Unlike her husband, First Lady Melania Trump isn’t one for Twitter. In fact, in the three weeks since just after inauguration day, there wasn’t a single tweet sent from the @FLOTUS account—until this past weekend, when Mrs. Trump’s handle shared photo highlights of her sunny Floridian visit with Japanese First Lady Akie Abe. Now that she’s getting warmed up, though, it appears Mrs. Trump has embraced a go-to social media motto: #PoweroftheFirstLady. Mrs. Trump first used the hashtag on a photo of herself and Mrs. Abe, then employed it again yesterday, tagging none other than Emily Ratajkowski, after the model/actress blasted a New York Times reporter in a series of tweets for “slut shaming” the First Lady. (The reporter, who attended the same Fashion Week event as Ratajkowski, was apparently overheard referring to the First Lady as “a hooker.”)
“Applause to all women around the world who speak up, stand up and support other women! @emrata,” the First Lady tweeted. “#PowerOfEveryWoman #PowerOfTheFirstLady.”
This type of female support is a nice sentiment, of course, but it reads as more than a bit ironic coming from Mrs. Trump, a long-distance First Lady who spends her weeks(as well as some weekends) at the family penthouse in New York, and whose East Wing office has been described as “the loneliest place in the White House”: If she really believes in the #PoweroftheFirstLady, why isn’t she using it? While the Trump administration may be in its early stages (although not too early to enact sweeping policy edicts and alienate allies, or for National Security Adviser Michael Flynn to have already resigned from his job), Mrs. Trump has hardly been quick to assume the responsibilities of her role.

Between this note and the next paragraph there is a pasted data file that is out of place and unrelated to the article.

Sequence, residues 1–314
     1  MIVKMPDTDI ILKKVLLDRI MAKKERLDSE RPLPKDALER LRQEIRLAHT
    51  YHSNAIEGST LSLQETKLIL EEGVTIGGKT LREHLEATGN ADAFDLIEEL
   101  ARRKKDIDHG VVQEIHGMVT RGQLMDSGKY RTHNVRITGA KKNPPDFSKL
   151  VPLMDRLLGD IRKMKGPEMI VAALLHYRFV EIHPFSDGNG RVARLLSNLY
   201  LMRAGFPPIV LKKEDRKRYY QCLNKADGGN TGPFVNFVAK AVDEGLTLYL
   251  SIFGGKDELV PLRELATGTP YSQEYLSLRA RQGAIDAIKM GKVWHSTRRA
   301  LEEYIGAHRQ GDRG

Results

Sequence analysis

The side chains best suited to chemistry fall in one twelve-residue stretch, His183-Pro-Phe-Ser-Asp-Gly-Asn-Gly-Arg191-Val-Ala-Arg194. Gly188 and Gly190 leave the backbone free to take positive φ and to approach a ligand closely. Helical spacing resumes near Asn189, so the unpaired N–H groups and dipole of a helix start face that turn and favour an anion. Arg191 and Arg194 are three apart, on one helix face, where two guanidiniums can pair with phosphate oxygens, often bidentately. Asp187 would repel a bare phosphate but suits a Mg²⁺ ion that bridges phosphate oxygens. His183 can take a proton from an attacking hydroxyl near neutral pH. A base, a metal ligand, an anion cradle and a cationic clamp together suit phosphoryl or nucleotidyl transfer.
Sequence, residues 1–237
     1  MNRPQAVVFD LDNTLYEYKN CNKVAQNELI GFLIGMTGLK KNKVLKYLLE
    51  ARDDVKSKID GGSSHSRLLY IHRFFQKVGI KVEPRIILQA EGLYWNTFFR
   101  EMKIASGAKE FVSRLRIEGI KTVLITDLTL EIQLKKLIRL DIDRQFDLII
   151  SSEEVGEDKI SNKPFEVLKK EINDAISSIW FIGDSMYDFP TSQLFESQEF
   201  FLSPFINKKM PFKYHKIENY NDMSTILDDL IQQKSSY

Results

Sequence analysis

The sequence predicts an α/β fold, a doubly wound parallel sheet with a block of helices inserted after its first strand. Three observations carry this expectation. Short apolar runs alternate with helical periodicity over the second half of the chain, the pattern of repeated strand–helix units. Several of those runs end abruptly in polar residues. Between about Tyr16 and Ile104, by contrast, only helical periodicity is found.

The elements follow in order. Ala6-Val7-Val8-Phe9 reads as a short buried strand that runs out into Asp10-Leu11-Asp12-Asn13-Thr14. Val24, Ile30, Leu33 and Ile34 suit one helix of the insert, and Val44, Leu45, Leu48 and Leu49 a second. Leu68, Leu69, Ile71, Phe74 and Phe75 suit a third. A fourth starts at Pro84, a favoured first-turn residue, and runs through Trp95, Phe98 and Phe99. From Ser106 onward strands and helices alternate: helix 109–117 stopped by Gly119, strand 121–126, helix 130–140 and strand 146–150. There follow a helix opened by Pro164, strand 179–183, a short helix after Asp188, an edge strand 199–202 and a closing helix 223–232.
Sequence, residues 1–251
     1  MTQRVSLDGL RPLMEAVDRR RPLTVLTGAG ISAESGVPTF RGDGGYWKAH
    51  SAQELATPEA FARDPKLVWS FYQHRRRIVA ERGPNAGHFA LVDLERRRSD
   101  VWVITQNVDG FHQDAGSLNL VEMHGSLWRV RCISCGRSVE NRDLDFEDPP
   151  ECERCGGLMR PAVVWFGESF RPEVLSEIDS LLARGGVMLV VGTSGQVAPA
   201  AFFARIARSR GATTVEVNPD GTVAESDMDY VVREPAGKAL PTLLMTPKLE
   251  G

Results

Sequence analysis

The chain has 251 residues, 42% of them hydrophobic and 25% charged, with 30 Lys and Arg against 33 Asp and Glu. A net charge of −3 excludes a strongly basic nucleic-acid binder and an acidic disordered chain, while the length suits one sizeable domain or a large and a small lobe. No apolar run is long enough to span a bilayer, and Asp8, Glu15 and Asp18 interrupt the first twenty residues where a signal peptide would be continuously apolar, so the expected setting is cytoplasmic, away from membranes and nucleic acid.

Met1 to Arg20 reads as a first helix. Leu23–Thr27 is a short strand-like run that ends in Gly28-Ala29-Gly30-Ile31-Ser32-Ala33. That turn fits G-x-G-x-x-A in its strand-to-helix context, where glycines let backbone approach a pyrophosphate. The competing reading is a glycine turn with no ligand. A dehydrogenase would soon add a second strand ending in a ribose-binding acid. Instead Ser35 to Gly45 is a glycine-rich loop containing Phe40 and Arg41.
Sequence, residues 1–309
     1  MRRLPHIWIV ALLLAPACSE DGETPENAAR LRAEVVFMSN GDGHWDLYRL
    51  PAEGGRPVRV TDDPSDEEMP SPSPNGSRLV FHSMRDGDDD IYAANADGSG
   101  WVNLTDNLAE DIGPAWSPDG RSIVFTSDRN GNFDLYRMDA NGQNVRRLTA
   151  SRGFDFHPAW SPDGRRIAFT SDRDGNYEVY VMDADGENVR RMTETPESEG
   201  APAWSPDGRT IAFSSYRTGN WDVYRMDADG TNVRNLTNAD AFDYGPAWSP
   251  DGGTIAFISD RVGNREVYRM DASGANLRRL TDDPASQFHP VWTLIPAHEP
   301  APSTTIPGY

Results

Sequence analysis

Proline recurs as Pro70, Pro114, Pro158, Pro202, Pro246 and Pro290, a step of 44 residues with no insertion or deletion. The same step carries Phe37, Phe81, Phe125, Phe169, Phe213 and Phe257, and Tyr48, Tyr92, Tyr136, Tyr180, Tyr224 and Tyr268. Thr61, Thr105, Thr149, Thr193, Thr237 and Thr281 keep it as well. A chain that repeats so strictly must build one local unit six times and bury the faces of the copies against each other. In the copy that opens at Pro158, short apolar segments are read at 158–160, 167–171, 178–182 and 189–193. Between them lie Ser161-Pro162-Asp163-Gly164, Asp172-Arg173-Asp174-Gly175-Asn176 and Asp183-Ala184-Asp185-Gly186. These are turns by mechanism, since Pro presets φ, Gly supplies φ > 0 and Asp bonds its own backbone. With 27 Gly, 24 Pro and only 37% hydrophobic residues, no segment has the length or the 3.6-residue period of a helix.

In a departure from Michelle Obama and Laura Bush, she had yet to appoint a chief of staff or social secretary by the time President Trump was inaugurated. Earlier this month, she began establishing her office, naming Lindsay Reynolds her chief of staff, Anna Cristina Niceta Lloyd as social secretary and Tham Kannalikham White House decorator, but she has yet to hire other vital staffers, including her communications director. After attending a prayer service the day after the inauguration, Mrs. Trump didn’t make a public appearance for almost two weeks, when she joined the President on a “working weekend” to Mar-a-Lago.
In the First Lady’s absence, Ivanka Trump (despite her assertions that she is just “a daughter” with no formal political role) was the one who accompanied her father to Dover Air Force Base to honor the remains of fallen Navy SEAL William “Ryan” Owens, who was killed in the Trump-approved Yemen raid, and Ivanka again who joined her father and Canadian prime minister Justin Trudeau at a White House forum on working women yesterday (leading to a plum photo op of her seated at the Resolute Desk in the Oval Office.)
Reports have noted that White House tours have been paused for a longer than usual time but will begin again in early March, and it’s unclear if the First Lady’s office is on top of major event planning in which thousands of families visit the White House, including state dinners and the upcoming annual Easter Egg Roll. “She is far behind the curve compared to where modern first ladies have been by the time their husbands are inaugurated, in a quite unprecedented way,” Myra Gutin, a professor at Rider University who specializes in first ladies, told The New York Times. “We are in uncharted territory here.”
Of course, there’s more to the #PoweroftheFirstLady than china patterns and parties—as a recent lawsuit could well attest—but with a skeleton staff and limited time in Washington, D.C., it remains to be seen what sort of progress the First Lady is making when it comes to where her power may truly lie: in her causes of choice, which she has said will include cyberbullying. Upending that dark, trollish culture of abuse is an ambitious, noble goal—and it’s going to take a lot more than a hashtag to fight it.